Tech-enabled care solutions to transform caring for the elderly
The partnership seeks to support the development of quality and affordable caretech solutions to train care workers, deliver caregiving and offer care-dependence prevention services for older people in the region. The goal is to enhance the scalability and impact of these solutions and promote decent jobs for care workers.
Care work is the hidden engine of our economies. Yet, it remains undervalued and unrecognized. Tasks such as domestic work, caregiving and household responsibilities are primarily handled by women, who dedicate three times more hours to these unpaid activities compared to men. Moreover, approximately 90% of paid care workers are women, and the sector is marked by extremely precarious working conditions, often in the informal sector without contracts or social security.
This partnership will prioritize caretech for the elderly. The International Labour Organization estimates that aging trends in Latin America and the Caribbean will generate 2.4 million new jobs in the next decade to meet the increased demand for elderly care. As limited public spending in care-related services creates inequalities, there is a need for both public- and private-sector action to meet demands in an equitable and inclusive manner.
Fundación Arturo y Enrica Sesana and the Group for the Analysis of Development will carry out the project. They will hold contests to identify the most innovative caretech solutions led by business startups and other organizations. Their support for these solutions will aim to deepen their social impact, through the availability of decent jobs and improved care services, and strengthen their business models for scaling.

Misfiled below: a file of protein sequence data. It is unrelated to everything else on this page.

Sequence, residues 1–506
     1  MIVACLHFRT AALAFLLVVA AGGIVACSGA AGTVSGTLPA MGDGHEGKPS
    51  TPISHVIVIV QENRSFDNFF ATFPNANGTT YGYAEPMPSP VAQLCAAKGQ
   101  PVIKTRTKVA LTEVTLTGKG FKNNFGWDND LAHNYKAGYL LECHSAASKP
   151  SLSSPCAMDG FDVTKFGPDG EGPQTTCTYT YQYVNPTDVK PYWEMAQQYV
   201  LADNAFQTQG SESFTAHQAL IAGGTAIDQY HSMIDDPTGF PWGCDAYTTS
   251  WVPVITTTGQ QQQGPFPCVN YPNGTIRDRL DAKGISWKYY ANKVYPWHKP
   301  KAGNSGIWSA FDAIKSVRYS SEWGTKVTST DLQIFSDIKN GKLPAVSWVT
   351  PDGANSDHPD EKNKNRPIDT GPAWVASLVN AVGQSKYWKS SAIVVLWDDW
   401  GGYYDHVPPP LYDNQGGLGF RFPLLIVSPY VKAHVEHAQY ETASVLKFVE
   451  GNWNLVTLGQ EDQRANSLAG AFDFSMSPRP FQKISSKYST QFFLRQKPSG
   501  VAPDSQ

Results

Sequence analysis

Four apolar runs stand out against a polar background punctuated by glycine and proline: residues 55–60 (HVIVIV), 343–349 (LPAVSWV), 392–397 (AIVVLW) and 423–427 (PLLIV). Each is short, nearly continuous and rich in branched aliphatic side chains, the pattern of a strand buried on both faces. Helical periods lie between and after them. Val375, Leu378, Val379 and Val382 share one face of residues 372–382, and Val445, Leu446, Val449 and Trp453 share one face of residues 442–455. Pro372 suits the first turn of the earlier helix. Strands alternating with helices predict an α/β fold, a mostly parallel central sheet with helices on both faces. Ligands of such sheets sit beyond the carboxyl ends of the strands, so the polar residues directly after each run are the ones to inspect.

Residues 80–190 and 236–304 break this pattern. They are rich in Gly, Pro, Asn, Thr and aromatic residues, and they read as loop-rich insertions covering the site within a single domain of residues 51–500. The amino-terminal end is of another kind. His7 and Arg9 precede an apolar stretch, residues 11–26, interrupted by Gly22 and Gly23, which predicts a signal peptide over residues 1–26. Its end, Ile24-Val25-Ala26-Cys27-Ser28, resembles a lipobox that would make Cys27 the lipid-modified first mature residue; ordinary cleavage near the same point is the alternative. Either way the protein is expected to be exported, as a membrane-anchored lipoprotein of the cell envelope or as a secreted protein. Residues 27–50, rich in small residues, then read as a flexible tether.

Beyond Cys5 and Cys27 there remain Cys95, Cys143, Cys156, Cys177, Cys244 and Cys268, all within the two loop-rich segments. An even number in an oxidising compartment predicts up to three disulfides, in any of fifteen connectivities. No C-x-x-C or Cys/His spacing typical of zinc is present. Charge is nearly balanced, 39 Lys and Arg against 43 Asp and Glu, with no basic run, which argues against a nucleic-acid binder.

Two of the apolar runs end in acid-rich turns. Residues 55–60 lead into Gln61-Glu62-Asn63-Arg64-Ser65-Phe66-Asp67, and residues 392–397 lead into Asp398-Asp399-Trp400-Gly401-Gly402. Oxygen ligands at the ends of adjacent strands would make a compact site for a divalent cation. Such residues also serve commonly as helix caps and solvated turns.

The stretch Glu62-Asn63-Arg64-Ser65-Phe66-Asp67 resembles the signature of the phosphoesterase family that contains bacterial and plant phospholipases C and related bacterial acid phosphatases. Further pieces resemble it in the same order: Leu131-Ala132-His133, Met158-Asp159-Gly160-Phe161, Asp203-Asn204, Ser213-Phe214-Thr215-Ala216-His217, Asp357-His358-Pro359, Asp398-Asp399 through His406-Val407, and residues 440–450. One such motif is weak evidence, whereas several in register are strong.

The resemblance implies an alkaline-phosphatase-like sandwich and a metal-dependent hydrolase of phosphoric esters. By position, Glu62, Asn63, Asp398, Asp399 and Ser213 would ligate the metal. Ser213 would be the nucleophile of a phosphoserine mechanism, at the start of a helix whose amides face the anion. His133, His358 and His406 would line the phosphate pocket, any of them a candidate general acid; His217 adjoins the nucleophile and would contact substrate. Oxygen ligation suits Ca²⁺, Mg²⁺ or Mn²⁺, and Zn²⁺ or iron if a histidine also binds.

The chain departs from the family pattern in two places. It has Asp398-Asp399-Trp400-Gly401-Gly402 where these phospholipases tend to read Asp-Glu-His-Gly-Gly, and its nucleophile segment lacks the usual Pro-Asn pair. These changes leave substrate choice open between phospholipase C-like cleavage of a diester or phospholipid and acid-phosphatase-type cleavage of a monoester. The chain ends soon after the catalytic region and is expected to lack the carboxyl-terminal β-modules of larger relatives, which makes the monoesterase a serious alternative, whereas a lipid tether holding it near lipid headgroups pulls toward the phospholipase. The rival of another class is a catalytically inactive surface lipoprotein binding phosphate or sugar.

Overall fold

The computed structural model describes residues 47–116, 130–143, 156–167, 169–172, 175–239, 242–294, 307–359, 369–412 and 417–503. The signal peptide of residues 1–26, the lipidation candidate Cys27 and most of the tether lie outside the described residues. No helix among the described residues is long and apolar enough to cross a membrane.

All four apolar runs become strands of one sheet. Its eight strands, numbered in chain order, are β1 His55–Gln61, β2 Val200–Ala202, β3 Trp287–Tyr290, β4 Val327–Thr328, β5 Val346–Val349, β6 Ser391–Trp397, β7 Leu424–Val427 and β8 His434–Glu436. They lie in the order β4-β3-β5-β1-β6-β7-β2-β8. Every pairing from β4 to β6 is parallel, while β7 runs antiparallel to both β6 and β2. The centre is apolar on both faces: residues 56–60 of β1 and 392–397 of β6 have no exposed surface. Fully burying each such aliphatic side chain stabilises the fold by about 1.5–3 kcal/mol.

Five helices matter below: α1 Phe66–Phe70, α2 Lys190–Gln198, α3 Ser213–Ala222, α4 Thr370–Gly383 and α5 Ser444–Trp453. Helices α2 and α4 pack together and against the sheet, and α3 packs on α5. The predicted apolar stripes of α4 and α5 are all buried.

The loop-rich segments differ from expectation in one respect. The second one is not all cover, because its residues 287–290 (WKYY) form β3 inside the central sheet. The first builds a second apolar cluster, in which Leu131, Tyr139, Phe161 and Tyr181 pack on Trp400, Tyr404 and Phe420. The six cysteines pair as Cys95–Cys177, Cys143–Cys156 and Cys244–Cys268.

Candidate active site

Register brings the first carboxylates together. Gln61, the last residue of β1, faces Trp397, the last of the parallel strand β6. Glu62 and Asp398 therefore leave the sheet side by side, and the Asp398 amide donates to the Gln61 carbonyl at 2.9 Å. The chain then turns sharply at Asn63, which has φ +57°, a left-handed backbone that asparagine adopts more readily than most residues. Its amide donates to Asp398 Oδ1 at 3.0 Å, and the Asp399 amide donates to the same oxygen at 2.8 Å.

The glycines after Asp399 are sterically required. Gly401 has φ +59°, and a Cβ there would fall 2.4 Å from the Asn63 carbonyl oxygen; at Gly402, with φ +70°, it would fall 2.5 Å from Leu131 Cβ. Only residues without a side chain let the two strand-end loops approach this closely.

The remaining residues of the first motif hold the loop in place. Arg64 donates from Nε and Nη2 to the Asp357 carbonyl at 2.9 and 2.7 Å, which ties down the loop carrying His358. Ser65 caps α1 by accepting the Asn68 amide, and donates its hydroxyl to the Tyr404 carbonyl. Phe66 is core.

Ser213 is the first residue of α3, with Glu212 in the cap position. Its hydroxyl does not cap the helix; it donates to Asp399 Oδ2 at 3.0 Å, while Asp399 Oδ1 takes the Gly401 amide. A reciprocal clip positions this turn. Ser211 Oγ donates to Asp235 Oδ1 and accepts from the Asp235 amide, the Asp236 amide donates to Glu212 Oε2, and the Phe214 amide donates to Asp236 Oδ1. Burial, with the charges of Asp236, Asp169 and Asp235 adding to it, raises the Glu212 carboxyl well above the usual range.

“We are very excited about this collaboration to tackle important challenges around the care economy that will also come with huge opportunities,” said César Buenadicha, chief discovery officer at IDB Lab. “IDRC’s financial and technical contributions will for sure enhance the joint effort to support innovative startups and other actors in the region.”
The research will study the social impact of these solutions, the economic sector serving the needs of older people — known as the silver economy — and the regulatory and policy frameworks governing caretech for the elderly.
“We need to make sure that the region’s growing demand for elderly care is met by recognizing unpaid care work done by women and creating decent job opportunities for them. This partnership with the IDB and IDB Lab brings the care and silver economy agendas together, to ensure that a flourishing silver economy can also be an opportunity for gender equality,” said Erin Tansey, director of Sustainable Inclusive Economies at IDRC.